Reading about the disobedient Israelites and arrogant Saul brings me down! Enter David, son of Jesse…
Samuel is mourning Saul, but God tells him to get some oil and go anoint the next king. Samuel hesitates because the current king still lives! He would be risking his life. But Samuel trusts and heads to his next assignment, despite the risk.
It’s interesting that his own father does not consider David to be king-worthy. All Jesse’s sons are present for Samuel to evaluate – except David. Samuel asks Jesse if these are ALL his sons. I love Jesse’s answer:
“There is still the youngest,” Jesse answered. “He is tending the sheep.”
Jesse’s like, “Well, ya there’s one more, but it’s just David. Why would you even ask about him? He’s out there somewhere…” Wouldn’t you bring all your sons before Samuel if Samuel asked you to bring all your sons?
God judges the heart. He selects the weak for positions of honor. He does not consider height or appearance, but seeks hearts that are after Him.
So Samuel anoints David as the next king.
Wait…what about the current king? What are we to do about him?
Well, isn’t it a strange coincidence that King Saul somehow randomly recruits David to play the lyre for him? No coincidence. God is at work. His will is going to be accomplished. There’s nothing anyone can do about it.
Lastly, it’s noteworthy to point out something in verse 23. Did you catch it?
“Whenever the spirit from God came on Saul, David would take up his lyre and play. Then relief would come to Saul; he would feel better, and the evil spirit would leave him.”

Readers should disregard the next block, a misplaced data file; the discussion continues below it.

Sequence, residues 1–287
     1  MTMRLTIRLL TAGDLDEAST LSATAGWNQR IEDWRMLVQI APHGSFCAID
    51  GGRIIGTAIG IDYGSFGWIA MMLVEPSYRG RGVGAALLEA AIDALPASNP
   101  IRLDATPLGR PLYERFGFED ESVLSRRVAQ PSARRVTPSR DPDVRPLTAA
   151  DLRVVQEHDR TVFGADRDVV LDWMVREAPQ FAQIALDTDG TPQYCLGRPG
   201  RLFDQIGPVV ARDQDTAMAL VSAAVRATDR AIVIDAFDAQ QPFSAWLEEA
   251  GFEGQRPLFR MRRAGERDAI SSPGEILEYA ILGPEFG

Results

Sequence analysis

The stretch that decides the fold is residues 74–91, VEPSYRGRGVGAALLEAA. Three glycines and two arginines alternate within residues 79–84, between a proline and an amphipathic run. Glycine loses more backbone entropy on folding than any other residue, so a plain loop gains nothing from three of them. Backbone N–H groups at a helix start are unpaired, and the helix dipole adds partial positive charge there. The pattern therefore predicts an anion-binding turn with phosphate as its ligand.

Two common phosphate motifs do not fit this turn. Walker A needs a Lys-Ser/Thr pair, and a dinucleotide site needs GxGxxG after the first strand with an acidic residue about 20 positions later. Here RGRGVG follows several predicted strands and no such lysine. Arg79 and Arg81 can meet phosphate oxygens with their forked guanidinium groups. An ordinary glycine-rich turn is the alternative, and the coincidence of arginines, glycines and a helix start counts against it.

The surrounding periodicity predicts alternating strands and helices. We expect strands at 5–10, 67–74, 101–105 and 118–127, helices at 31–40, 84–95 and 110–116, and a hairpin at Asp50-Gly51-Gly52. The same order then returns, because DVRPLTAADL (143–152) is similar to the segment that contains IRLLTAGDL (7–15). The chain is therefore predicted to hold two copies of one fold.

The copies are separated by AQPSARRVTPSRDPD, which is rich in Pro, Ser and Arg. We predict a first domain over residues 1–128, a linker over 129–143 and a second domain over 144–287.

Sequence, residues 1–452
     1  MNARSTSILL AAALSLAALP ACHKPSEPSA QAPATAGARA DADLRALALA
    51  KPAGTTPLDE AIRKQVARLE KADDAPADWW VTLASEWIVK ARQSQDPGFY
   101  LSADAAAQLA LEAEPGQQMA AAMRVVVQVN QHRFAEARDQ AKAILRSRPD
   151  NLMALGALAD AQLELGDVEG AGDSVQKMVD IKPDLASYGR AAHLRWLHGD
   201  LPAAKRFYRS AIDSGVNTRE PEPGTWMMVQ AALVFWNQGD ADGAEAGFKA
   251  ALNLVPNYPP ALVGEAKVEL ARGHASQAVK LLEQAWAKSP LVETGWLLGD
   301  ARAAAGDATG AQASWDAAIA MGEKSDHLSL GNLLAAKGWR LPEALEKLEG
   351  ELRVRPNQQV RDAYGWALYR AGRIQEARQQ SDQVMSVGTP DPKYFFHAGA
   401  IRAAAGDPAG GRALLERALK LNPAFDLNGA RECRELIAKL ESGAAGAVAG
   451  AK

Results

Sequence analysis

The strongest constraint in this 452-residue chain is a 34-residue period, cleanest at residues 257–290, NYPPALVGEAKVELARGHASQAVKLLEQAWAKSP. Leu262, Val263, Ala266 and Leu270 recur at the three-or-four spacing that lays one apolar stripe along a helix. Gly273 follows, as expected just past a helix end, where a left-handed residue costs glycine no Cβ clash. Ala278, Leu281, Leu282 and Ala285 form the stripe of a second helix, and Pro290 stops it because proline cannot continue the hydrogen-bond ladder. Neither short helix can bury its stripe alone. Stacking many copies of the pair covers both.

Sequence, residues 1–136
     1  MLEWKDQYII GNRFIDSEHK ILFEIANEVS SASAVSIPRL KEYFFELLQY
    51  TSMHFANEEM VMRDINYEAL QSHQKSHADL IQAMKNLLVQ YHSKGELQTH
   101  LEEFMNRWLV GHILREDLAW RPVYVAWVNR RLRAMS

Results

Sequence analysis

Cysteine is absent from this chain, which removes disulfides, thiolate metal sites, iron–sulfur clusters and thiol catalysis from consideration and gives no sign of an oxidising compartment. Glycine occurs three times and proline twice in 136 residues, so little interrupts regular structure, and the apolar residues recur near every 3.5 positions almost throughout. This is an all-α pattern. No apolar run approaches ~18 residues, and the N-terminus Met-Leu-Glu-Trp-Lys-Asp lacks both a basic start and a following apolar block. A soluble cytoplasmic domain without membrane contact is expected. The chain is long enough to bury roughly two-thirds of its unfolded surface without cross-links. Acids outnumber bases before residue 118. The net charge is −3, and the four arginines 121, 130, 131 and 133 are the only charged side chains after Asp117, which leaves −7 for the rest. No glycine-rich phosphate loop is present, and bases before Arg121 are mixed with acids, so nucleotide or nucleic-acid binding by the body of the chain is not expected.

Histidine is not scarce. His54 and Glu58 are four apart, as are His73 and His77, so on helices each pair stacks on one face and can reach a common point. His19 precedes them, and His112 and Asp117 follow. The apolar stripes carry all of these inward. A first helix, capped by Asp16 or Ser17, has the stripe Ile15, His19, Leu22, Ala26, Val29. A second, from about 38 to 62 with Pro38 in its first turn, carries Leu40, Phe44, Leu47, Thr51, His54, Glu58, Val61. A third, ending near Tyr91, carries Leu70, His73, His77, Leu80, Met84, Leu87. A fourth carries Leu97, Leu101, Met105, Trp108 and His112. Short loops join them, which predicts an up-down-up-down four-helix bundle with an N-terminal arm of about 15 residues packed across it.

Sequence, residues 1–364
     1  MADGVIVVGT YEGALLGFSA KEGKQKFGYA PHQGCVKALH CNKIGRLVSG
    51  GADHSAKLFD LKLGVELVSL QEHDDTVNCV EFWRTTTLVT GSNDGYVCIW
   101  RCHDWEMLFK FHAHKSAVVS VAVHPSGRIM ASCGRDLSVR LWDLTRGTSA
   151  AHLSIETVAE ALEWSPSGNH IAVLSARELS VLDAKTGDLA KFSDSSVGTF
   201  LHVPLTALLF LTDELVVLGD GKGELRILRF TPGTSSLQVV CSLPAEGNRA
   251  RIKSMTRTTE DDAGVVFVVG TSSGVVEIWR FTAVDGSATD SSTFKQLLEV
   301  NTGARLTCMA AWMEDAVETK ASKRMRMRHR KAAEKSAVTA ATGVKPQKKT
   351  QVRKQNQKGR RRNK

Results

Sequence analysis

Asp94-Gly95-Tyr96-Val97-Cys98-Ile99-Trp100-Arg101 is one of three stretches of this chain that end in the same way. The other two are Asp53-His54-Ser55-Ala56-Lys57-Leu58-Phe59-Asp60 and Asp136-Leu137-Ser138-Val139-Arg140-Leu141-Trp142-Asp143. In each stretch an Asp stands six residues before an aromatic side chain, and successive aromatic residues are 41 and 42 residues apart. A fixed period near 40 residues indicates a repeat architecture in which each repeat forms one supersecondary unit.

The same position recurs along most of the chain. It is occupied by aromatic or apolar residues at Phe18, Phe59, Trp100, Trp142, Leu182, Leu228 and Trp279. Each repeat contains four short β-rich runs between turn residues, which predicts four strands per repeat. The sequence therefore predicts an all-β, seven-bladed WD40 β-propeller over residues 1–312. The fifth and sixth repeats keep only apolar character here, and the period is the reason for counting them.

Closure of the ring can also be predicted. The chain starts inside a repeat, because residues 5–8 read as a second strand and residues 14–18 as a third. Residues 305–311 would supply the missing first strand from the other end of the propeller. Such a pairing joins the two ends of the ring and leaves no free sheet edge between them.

In the first part of the verse, it says “the spirit from God” and in the last part, “the evil spirit would leave”.
Seems God is the one sending the evil spirit. Upon researching this a bit, you’ll find that it is inconsistent with God’s character to directly send evil spirits. Although He does punish people for their disobedience (and Saul is clearly disobedient to God), so some have suggested God simply allowed the evil spirit, not directly sent it.
I tend to think this is more a matter of linguistics. The word used for “evil spirit” here is the word rauch, which has a wide range of translations, including air (i.e., breath or wind); the vital principle of life or animating force; the rational mind where thinking and decision-making occurs; the Holy Spirit of God (Gesenius, 1847, pp. 760-761) and disposition of mind or attitude (Harris, et al., 1980, 2:836).
Furthermore, the word used for “evil” here is , which is translated “bad,” “unhappy,” or “sad of heart or mind” (Gesenius, p. 772).
Could it be that Saul was suffering from his own bad attitude? There have been many times I’ll sit and listen to music to chase away a bad mood.
The bottom line is this: God has intervened and suddenly David, a small shepherd boy whose own father considers him simply that, is now God’s anointed and finds himself somehow inexplicably in service as the king’s own armor-bearer.
Coincidence? I think not…
Stay tuned, it’s just starting to get good!